REVIEW: Can’t Stand the Heat by Louisa Edwards
Dear Ms. Edwards:
Thank you for sending me this book. I confess I tried to read this book many times, never making it out of the first few chapters. The heroine, Miranda Wake, a food critic, gets drunk at a restauraent premiere and makes some very loud and rude remarks. She then insults the chef, accepts a dare to be in his kitchen for one month, and sells a tell all memoir based on her experiences, which she has not yet had.
But then the book was released and positive reviews popped by readers who had actually finished the book. Finally, Sarah convinced me that it was worth powering through. Yes, she told me, Miranda gets in her own way, repeatedly, but Adam Temple is a “happy alpha” and his motley crew of chefs make it all worthwhile. It’s true. In the end, I did like the book and was glad to have read it.
Miranda Wake is an esteemed food critic in New York. Her restaurant reviews can be scathing and she is followed avidly by the New York food cognoscenti. Unfortunately, Miranda’s quest to become a published author is shot down, again, and her beloved brother, Jess, has left his college scholarship in the Midwest to attend NYU.
Miranda has been Jess’ guardian since they lost their parents when Miranda was 18 and Jess was 10. She has worked hard to provide Jess with everything that she thinks her parents would have provided, including a college education. Not wanting Jess to have to work while studying, she manages to sell a book idea about the kitchen staff of Adam Temple’s new restaurant, Market.
Unfortunately for Miranda she not only gets the dirty goods on each and every sous chef, prep chef and even dishwasher in the Market’s kitchen but she also falls in love with Adam Temple and comes to appreciate the kitchen staff of Market when she works with them for a couple of weeks. But her love for Jess and her guilt at his not having parents drives her to make difficult (and unlikeable decisions).
Adam Temple is finally opening his own restaurant based on the idea of sustainable food. He buys everything local, from his produce to his poultry, and creates food to which he hopes his customers will have a connection. The rendering of Adam is done in large passionate strokes. He is a man of quick temper, but of big heart. His joy for life, his passion for his craft imbued every page. He had an eye for talent and could see potential in the demeanor of the lowest food worker on his crew.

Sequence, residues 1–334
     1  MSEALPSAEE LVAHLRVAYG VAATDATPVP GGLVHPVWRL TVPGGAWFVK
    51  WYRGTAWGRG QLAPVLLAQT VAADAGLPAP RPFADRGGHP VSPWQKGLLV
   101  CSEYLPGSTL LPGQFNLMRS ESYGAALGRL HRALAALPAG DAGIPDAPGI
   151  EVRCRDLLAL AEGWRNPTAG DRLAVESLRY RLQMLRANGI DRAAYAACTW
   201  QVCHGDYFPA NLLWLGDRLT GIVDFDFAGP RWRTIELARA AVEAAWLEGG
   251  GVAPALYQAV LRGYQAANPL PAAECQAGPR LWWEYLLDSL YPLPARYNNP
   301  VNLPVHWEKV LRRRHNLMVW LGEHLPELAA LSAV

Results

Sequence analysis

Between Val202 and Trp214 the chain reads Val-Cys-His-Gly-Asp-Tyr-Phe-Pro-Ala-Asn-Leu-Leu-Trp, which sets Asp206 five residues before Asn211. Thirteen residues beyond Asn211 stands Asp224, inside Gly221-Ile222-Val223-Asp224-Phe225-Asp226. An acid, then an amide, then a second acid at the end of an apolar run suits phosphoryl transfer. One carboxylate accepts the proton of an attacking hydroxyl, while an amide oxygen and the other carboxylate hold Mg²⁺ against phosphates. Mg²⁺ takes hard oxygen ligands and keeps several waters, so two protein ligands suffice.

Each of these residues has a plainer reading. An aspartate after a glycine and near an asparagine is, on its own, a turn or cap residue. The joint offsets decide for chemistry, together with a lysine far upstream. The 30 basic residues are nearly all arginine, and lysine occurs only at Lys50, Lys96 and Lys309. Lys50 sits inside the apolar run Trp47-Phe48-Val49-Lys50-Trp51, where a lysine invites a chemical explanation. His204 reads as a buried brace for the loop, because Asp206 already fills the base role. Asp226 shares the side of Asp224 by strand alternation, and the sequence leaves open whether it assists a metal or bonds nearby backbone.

His crew of chefs also had distinct identities even though we were only given small glimpses. Even the food and the cooking were so well done that these elements were almost characters by themselves. I wanted to book a table at Market by the half way mark of the story.
In the end, all the positives of the book: the happy alpha Adam who was an uncomplicated lover of life and of people; the tender and uncertain secondary romance; and the kitchen, food, and cooking negated the not so positive reaction I had toward Miranda.
I understood Miranda’s motivations but I wasn’t convinced by them. Part of this is due to the publication of the book itself. Miranda was writing the book because she needed the money to pay for Jess’ tuition at NYU. But tuition at NYU for four years would be close to six figures. It was unlikely that Miranda’s book would have netted a huge advance. Further, the idea that Miranda could take private cooking classes with Adam, work full time in the Market kitchen and write a 150 page memoir in two weeks seemed beyond improbable. It’s possible that this could have all happened but my credulity was strained and that made it hard for me to see Miranda in a sympathetic light.
I was convinced that Adam loved Miranda and wanted her with a passion that he normally reserved for food and for this reason, I closed the book satisfied. I’ll take a second serving of happy alpha. B-